To learn more make sure to watch the pros. Find successful people in your industry and view them as secret mentors. See how their personality shows through, watch the value of what they offer in their tweets, note how much of what they say is personal vs. business. CAUTION: If you find yourself getting caught up in the negatives, “I-will-never-be-this-good” kind of stuff, STOP. When I first dipped my toe into social media I followed every successful coach I could find. But it backfired and became depressing and overwhelming! So I chose a few and stopped following the others. Once my confidence (and my practice) grew I reconnected and allowed myself to learn and grow with the best of them!
Let people know that you appreciate them. People who are helping people are not untouchable. If someone inspires you, send them a tweet to let them know. Depending on who it is, you may or may not receive a response, but it feels good to show appreciation and certainly to receive it.
What about those cool twitter backgrounds? My advice is not to worry about your background at first. You can create simple backgrounds from Twitter’s basic set up tools. Once you begin to tweet like a pro you can research sites that offer custom backgrounds or reach out to a graphic designer to make one for you.
You may also be wondering about what picture to use on your profile. Personally, I like to follow people who have a clear image of themselves posted. It helps me to feel more connected to them. But if you are tweeting for your company and want to put your logo up as your profile picture, that’s ok too. Try to avoid silly avatars or other images that mean something to you but not to anyone else. Let people see who you are!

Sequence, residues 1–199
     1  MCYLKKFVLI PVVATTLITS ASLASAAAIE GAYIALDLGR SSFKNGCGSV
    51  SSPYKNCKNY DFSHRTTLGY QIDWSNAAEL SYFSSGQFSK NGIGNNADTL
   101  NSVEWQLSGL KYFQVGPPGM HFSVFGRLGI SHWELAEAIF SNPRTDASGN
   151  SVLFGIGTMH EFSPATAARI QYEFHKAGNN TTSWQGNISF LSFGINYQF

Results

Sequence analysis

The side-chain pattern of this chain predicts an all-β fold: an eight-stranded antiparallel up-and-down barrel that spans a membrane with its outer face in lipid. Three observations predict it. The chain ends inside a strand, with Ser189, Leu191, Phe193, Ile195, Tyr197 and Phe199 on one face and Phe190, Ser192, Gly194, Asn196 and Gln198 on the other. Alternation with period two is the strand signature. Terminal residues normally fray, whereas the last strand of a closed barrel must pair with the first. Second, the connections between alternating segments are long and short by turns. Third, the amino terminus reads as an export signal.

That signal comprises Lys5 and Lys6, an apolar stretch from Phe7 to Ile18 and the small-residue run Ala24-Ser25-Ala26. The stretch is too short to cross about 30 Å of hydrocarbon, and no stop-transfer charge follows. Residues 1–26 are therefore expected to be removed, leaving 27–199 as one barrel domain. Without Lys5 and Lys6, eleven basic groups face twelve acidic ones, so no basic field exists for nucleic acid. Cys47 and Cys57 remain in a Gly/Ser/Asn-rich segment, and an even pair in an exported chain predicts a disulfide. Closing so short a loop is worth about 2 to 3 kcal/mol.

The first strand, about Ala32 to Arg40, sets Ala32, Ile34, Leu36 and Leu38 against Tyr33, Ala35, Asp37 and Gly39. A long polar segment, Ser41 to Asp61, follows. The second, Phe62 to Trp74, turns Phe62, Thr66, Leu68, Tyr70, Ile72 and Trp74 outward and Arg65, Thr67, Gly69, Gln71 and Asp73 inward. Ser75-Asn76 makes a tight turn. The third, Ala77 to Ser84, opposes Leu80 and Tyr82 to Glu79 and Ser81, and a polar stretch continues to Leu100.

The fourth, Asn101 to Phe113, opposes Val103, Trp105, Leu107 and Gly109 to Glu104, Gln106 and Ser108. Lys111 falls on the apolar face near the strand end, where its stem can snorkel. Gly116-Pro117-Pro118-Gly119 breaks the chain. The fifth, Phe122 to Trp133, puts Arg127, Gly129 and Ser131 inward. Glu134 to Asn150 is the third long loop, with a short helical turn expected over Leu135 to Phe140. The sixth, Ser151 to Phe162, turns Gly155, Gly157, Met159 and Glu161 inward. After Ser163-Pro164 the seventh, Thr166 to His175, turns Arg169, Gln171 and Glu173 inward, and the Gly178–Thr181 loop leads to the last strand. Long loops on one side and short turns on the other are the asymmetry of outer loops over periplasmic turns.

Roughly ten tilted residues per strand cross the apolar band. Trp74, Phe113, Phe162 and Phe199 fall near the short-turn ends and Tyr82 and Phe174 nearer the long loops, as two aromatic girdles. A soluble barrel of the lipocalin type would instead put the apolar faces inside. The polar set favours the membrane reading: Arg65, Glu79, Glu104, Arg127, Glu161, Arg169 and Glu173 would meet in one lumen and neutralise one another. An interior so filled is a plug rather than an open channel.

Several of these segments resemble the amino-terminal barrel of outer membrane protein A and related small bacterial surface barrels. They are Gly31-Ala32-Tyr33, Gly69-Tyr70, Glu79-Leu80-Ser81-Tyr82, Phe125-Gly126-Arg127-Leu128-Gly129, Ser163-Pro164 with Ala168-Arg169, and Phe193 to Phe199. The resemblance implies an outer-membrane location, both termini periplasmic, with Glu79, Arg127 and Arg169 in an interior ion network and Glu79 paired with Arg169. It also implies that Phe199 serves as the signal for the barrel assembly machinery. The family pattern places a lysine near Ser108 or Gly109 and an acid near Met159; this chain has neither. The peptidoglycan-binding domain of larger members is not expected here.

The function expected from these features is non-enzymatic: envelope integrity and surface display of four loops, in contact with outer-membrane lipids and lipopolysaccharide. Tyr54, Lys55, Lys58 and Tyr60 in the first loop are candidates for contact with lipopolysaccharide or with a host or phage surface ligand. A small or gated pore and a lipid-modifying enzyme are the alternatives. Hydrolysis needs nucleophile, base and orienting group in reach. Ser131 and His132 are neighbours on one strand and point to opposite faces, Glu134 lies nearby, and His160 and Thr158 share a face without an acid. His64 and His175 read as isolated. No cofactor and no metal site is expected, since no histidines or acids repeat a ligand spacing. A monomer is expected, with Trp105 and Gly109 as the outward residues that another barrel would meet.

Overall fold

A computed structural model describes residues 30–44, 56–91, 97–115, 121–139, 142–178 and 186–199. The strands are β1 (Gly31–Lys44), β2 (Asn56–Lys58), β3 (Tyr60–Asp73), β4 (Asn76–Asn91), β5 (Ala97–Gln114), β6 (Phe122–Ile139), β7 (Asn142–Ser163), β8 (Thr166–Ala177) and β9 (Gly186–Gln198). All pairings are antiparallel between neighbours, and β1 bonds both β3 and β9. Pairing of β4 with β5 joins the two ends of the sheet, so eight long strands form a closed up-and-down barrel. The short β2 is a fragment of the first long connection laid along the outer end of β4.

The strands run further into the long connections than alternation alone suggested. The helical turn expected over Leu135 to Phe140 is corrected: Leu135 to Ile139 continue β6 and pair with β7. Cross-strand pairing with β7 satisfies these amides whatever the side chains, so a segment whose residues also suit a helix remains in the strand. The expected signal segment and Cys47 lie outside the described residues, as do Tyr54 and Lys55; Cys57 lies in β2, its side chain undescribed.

So where do people find the time? It’s difficult to view Social Media as a priority when you’re already so busy. But let’s face it; if you want your business to be around for much longer, you’ve must jump in. And you may get lost exploring Twitterland for a while - yes it takes time. If someone offered you a free block of advertising on national television, would you turn it down because you don’t have the time to deal with it? Twitter alone reaches over 20 million users; a fraction of what Facebook reaches. So imagine your reach if you use just these two sites for 20 minutes a day!
And it’s ok if you spend 30 minutes on Twitter and only get one tweet out. Schedule blocks of time 2 or 3 times a week and let yourself explore. It will help you to feel more comfortable. To save time, consider writing some of your Tweets in a separate document and copy and paste one or two of them into Twitter when you visit. This process may somehow feel less intimidating and just might speed things up for you. There are also tools that will help to organize your tweets, like Hootsuite and Tweetdeck, but again – don’t concern yourself with these until you are ready to ramp up on your twitter usage.
Most importantly, have fun! Make friends, learn, inspire and be inspired. It’s about building and contributing to community. Social Media is an opportunity to become involved in things that were at one time untouchable to you. It’s your connection to the global community and can take you to places you’ve never seen before. Hop on and enjoy the ride.